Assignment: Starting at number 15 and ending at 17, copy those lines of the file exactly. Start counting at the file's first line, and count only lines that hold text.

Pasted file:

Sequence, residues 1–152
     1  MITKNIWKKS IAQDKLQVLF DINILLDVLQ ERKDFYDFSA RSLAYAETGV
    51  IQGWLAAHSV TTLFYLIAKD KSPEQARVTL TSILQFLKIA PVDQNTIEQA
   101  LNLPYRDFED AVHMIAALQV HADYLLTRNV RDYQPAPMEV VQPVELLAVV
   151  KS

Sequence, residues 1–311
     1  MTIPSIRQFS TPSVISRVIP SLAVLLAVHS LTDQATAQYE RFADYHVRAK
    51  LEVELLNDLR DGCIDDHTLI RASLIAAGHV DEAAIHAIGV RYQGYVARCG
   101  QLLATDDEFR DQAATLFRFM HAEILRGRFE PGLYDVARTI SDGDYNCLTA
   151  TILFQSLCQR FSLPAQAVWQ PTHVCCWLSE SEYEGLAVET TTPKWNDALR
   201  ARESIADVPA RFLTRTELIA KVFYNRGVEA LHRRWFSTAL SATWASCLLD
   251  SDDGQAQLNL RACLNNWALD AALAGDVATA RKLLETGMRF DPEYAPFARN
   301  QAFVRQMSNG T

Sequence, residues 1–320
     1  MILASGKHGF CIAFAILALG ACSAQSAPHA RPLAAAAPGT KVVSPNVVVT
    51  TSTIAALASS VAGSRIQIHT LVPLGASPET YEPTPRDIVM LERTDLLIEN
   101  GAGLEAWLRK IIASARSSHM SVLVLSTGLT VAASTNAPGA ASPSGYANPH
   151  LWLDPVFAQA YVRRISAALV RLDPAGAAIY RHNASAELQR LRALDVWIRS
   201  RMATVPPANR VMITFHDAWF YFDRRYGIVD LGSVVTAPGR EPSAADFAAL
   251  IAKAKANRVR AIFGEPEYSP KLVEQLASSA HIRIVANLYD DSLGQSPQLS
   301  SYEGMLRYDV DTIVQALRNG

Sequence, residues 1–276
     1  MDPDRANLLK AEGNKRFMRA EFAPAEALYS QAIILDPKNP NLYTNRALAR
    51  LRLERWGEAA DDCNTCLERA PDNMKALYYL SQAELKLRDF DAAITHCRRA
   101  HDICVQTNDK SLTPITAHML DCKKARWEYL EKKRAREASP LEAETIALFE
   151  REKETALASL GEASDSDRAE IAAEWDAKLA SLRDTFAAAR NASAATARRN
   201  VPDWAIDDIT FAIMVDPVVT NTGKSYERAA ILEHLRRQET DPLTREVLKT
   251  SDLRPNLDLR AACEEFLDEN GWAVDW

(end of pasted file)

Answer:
     1  MILASGKHGF CIAFAILALG ACSAQSAPHA RPLAAAAPGT KVVSPNVVVT
    51  TSTIAALASS VAGSRIQIHT LVPLGASPET YEPTPRDIVM LERTDLLIEN
   101  GAGLEAWLRK IIASARSSHM SVLVLSTGLT VAASTNAPGA ASPSGYANPH